The old joke about people finding it appropriate to talk at a concert or club during the bass solo has never applied when Barry Guy is onstage. For over 50 years, his performances have always been riveting, be it in the trio format with Evan Parker and Paul Lytton, his London Jazz Composers Orchestra, the Barry Guy New Orchestra or his Baroque and new music performances. Like his fellow bassists Joëlle Léandre, Barre Phillips, William Parker and Peter Kowald, it is nearly impossible to separate the corpus of the instrument from the performer. This live recording from October 2019 in Vilnius, Lithuania, is available as an LP edition or download. It connects back to Guy's LP Statements V-XI For Double Bass & Violone (Incus, 1977) and Fizzles (Maya Recordings, 1993), another solo outing. From the turbulence of the opening "Comet" to the new music explorations of "Ding Dang A Dingy Ding Dang," the bassist explores—maybe more accurately exploits—his instrument's physicality. Guy, playing solo, sans overdubs, can sound like an entire band, sometimes utilizing his patented arco and pizzicato techniques simultaneously. "Oscillating" vibrates with bowed energy, sounding like an electronic intervention. The final two tracks, "Old Earth Home" and "Barehead," travel from gossamer chamber music to a punk demolition of sound.
Stuart Broomer - New York City Jazz Record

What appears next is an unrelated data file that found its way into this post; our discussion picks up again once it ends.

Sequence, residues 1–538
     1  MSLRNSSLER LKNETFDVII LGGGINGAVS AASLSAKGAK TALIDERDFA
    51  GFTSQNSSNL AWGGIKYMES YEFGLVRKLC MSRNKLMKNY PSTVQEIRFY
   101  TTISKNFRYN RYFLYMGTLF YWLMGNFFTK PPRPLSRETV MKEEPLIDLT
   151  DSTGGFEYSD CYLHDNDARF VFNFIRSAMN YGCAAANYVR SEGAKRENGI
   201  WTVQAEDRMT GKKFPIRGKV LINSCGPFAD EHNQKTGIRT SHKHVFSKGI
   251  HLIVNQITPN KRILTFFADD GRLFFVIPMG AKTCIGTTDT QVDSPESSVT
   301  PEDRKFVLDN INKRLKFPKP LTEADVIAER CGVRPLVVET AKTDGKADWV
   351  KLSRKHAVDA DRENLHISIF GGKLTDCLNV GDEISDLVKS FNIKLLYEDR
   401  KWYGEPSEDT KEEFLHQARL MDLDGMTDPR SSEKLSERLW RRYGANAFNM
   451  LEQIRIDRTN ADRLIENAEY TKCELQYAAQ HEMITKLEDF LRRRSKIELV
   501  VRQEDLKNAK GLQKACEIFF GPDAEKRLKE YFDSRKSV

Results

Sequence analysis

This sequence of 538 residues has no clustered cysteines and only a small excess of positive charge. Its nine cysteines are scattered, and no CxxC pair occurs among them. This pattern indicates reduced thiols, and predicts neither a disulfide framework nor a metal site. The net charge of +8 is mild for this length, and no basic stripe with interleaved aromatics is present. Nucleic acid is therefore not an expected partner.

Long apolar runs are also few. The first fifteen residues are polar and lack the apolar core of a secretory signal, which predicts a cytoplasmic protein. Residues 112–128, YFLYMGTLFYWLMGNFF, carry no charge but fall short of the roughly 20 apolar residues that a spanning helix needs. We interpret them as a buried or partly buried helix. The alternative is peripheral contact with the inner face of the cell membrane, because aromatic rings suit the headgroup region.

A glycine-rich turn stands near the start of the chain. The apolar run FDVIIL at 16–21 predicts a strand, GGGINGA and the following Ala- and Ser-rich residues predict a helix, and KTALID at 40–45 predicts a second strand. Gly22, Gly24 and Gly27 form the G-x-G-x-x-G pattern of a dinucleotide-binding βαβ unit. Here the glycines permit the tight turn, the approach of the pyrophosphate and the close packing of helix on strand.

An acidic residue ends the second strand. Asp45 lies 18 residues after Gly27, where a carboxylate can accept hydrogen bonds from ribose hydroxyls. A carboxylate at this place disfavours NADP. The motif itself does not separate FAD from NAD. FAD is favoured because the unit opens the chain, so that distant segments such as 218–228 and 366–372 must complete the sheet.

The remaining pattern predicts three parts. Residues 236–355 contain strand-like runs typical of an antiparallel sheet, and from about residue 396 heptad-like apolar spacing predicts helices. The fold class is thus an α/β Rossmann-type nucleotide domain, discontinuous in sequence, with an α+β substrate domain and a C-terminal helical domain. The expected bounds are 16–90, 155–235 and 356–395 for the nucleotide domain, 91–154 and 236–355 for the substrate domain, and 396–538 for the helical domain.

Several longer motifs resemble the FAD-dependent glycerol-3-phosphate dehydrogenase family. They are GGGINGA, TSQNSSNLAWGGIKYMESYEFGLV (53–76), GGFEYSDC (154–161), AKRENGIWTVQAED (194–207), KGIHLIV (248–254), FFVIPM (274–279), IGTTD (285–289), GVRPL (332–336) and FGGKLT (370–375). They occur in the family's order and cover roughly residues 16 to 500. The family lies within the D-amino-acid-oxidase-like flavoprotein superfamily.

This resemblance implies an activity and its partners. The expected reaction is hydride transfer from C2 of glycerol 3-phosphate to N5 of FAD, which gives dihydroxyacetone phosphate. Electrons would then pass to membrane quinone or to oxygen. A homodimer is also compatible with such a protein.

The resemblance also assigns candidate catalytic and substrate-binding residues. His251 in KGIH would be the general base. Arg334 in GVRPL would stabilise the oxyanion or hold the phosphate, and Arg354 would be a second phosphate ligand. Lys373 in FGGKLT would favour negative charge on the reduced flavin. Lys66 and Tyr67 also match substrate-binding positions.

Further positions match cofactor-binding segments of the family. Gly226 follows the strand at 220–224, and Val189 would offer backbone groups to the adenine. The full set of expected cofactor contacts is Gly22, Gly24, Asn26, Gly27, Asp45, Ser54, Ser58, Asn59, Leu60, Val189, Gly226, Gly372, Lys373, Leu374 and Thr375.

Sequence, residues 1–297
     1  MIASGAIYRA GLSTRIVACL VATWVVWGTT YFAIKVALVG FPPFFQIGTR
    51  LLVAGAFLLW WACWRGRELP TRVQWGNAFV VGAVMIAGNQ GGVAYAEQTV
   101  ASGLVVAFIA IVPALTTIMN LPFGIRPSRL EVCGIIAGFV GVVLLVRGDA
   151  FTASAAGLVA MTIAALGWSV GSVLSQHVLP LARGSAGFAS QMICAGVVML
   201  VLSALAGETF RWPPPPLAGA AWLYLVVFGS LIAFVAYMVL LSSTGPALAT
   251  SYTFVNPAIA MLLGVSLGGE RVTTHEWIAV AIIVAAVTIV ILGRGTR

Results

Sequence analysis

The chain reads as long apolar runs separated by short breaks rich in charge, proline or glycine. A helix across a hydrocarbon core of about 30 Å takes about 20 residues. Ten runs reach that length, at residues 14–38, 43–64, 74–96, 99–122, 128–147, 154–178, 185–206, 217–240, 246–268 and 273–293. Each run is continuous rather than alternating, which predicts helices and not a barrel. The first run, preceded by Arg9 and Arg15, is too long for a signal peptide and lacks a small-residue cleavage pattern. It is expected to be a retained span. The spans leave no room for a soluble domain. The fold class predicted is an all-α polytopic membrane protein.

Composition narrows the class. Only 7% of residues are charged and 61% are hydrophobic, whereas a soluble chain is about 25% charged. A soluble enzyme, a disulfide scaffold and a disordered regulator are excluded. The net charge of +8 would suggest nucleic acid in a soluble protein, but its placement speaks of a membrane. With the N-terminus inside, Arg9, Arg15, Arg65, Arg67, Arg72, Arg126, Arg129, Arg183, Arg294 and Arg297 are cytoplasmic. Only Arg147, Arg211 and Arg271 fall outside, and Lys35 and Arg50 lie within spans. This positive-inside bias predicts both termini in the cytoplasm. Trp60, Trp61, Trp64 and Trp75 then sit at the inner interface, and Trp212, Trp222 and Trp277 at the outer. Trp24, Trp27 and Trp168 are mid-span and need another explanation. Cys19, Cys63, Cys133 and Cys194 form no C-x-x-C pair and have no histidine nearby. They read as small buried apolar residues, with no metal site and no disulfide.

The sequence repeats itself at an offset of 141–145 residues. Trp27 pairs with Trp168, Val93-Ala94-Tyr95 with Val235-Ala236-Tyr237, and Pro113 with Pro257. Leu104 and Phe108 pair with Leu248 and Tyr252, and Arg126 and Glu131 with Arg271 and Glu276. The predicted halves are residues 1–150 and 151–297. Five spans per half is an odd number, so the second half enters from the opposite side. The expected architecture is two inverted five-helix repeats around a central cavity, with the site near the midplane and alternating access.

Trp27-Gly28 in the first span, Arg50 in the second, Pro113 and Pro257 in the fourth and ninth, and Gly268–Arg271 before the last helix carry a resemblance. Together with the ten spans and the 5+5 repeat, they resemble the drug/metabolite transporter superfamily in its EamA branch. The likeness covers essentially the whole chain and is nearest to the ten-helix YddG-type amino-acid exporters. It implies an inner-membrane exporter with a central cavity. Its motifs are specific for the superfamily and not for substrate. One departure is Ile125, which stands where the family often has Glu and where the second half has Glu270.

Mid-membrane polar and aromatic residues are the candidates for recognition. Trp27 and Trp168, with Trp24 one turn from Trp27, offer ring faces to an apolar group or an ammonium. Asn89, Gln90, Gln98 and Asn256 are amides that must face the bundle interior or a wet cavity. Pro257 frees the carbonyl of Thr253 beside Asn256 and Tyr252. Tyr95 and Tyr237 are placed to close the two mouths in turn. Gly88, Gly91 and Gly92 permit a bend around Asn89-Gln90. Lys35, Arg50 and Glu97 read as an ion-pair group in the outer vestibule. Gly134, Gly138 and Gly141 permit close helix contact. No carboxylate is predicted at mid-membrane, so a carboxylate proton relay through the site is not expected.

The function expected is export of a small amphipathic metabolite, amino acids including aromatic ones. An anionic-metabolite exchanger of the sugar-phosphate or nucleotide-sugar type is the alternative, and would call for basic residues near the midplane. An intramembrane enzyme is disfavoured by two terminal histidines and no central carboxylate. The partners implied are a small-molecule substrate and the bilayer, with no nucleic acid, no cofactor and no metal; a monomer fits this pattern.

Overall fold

Cecil Taylor once remarked, “If I was a bass player, I would want to be Barry Guy.” It is hardly a self-effacing remark, for Guy’s commitment to the near-impossible—tempo, density, complexity—seems like homage to Taylor himself, or to the late Scott LaFaro, Guy’s nearest predecessor in stretching the bass’ limits. There are parallels, too, with circular breathing multiphonic collaborators Evan Parker and Peter Evans. Technique for technique’s sake? Hardly. All artists try to gather the materials needed to realize their visions; some just need more. Recorded in October 2019 during Improdimensija at MAMAstudios in Vilnius, Irvin’s Comet alludes to the cover art, the painting “Comet” by the late British artist Albert Irvin, a work that may have suggested a comet’s transit but also presents abstracted parallel figures in contrasting colors and patterns. In the arco brilliance of both “Comet” and “Silence”, dense tapestries of bowed and plucked notes combine with sharp contrasts in volume, achieving a multiply-coded presence. Further, floating amid the upper register mysteries of “Comet”, it sounds like a theremin could have been set loose among the strings. There is often a sense in Guy’s work of how much could be accomplished, registered or tested within a limited amount of time, how many techniques may be rapidly alternated to create another state of musical mind. That quest for expression can be as joyous as it is darkly mysterious. “Ding Dang a Diggy Ding Dang” may seem unlikely here, wittily reimagining as it does the bass as a different kind of rhythm instrument; instead of a walking bass, it is a fretless chordal instrument, a rhythmically charged, idiomatic composition filled with sliding chords suggesting acoustic bluesmen with William Parker and/or Chuck Berry lending a hand. “Old Earth Home” is a pizzicato lament, a work as emotionally direct as one could imagine, suffused with specifically Spanish passions. Heir to Narciso Yepes or Charles Mingus, it moves from the dark intensity of minor modes towards the playful light of the major. The concluding “Barehead” is a maelstrom of bowing and plucking, energized runs and pinpoint lights amid upper-register harmonics, plucked chords and bowed frenzy. Fully appreciating Guy’s performances requires the visual component. It ends nagging questions about how he is accomplishing one thing or another, even while hands and mind remain quicker than the eye. Meanwhile, Irvin’s Comet is a good stand-in.